When I was very unhappy at a job, Michael encouraged me to quit and take a little time off to really figure out what I wanted to do, instead of trying to talk me into staying so we could continue making a comfortable double salary. Had I decided that I wanted to try to write a novel, I’m sure that he would have supported the idea. If I didn’t now support him in pursuing his alternative career idea, I would either be forcing him to choose between me and the possibility of getting his dream job, or I would be shutting down his opportunity to actually be happy in a career. I wouldn’t feel good about either scenario. And as nice as it would be if he loved consulting and wanting to climb up the partner track, that was not the case and I certainly didn’t want to be with someone who made a bunch of money but came home unhappy every day – or didn’t even come home at all, because he was traveling to somewhere like Waverly, Nebraska every week.
So we agreed to give NYC a shot.
The next question you might be wondering is… How long will he give himself to make it? That is another good question, and one I’m wondering as well, but one we’ll have to revisit at a future date. Unfortunately, there’s no career track for comedy that lets you know that if you’re not a Senior Manager within 2 years, you should probably start looking for something else – so it’s hard to put a definitive time limit on it. Michael keeps reminding me, “It takes people 10 years to make it as a comedian!” And I keep reminding him, “You don’t have 10 years to figure this out!” But then what is the right answer…2? 5? 3.5? This is where a leap of faith is required, along with trust that my husband is an intelligent, reasonable person who will not continue pursuing something if he is seeing no success. All I know is that it will be a minimum of two years, since we signed a 2-year lease. And probably more like a minimum of four (sorry, Mom & Dad).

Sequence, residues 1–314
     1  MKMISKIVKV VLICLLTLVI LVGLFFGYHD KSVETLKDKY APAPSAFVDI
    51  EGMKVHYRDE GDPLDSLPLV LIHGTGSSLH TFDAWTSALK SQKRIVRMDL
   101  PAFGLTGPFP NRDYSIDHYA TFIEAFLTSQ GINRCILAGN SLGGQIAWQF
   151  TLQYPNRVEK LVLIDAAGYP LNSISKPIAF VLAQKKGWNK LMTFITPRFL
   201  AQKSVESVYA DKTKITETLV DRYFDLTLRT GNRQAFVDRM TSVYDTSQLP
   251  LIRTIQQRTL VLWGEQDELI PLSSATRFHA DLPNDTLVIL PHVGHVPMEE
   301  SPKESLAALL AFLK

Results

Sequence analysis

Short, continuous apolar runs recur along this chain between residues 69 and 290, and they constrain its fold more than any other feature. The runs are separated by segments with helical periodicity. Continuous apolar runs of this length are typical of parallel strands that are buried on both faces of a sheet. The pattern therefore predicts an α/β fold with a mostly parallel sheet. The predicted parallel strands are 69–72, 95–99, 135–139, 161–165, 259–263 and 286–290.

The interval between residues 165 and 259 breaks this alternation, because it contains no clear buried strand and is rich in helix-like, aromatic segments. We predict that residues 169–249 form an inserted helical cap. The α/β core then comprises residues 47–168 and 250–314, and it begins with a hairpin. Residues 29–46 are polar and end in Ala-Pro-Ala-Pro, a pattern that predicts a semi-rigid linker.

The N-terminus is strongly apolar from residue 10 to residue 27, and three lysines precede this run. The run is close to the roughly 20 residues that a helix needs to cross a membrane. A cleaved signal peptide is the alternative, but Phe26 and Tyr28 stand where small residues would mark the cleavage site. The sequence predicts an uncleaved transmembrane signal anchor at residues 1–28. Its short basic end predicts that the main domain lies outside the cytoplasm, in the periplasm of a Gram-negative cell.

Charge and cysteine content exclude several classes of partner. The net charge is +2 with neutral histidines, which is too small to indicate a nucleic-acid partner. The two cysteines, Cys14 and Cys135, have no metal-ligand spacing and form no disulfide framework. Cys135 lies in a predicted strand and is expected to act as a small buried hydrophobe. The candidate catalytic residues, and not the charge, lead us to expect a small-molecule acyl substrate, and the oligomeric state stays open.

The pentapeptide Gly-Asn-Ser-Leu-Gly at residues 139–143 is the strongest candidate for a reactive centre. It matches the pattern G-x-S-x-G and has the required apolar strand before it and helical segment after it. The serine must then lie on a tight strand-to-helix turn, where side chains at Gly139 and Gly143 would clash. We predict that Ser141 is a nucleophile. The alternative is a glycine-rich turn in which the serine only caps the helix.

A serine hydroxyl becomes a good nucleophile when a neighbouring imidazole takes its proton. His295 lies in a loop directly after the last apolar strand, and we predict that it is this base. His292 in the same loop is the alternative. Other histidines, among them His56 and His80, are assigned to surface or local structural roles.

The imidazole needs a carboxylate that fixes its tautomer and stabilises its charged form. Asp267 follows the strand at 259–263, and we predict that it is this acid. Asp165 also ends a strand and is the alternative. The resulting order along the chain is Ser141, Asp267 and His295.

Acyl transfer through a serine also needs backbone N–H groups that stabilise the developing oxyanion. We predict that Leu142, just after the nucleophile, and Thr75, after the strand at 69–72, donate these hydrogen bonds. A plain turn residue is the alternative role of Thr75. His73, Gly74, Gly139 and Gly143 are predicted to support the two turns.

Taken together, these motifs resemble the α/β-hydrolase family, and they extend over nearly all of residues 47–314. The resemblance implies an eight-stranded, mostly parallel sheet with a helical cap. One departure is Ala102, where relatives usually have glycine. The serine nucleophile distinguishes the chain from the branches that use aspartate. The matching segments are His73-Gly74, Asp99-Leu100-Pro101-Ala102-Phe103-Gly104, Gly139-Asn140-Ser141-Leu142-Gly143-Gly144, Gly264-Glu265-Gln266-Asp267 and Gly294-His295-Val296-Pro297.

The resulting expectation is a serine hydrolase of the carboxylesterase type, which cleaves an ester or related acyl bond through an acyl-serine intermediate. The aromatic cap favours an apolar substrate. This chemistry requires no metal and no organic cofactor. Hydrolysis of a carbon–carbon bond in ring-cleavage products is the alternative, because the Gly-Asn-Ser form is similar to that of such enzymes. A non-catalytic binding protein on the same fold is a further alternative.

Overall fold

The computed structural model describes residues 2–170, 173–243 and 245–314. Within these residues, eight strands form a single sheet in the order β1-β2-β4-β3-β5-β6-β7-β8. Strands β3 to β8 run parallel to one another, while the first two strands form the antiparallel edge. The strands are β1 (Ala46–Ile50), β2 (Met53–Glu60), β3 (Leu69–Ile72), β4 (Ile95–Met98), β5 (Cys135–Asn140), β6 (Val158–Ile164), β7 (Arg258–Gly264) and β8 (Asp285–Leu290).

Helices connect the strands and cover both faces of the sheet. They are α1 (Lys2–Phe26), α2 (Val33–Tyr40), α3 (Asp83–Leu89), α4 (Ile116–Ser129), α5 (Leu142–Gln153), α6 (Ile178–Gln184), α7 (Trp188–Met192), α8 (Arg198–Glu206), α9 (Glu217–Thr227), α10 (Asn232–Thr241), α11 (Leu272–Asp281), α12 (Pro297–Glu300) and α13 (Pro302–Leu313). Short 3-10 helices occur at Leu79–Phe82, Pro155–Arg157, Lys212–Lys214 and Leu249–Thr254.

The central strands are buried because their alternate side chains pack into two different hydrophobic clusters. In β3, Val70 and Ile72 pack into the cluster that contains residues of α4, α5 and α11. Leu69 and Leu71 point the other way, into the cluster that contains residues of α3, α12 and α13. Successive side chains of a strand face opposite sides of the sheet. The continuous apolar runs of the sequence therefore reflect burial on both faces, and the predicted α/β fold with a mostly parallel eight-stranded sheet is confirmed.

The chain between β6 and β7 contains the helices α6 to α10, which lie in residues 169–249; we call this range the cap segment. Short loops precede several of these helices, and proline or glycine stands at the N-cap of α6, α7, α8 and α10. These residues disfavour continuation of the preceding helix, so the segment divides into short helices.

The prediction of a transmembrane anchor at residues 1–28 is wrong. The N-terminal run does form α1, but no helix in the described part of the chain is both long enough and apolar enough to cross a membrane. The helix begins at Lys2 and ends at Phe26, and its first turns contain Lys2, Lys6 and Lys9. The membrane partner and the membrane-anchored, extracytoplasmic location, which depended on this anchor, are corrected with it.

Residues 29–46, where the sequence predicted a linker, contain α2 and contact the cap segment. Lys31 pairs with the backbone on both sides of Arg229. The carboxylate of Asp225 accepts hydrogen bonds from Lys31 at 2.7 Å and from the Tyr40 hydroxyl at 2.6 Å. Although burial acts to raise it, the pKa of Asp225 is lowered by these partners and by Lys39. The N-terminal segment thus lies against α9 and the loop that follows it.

So we rented our condo, packed up our belongings, said a teary goodbye to our friends and family, and made our way across the country – to New York City, the city that never sleeps. Which left plenty of time for comedy.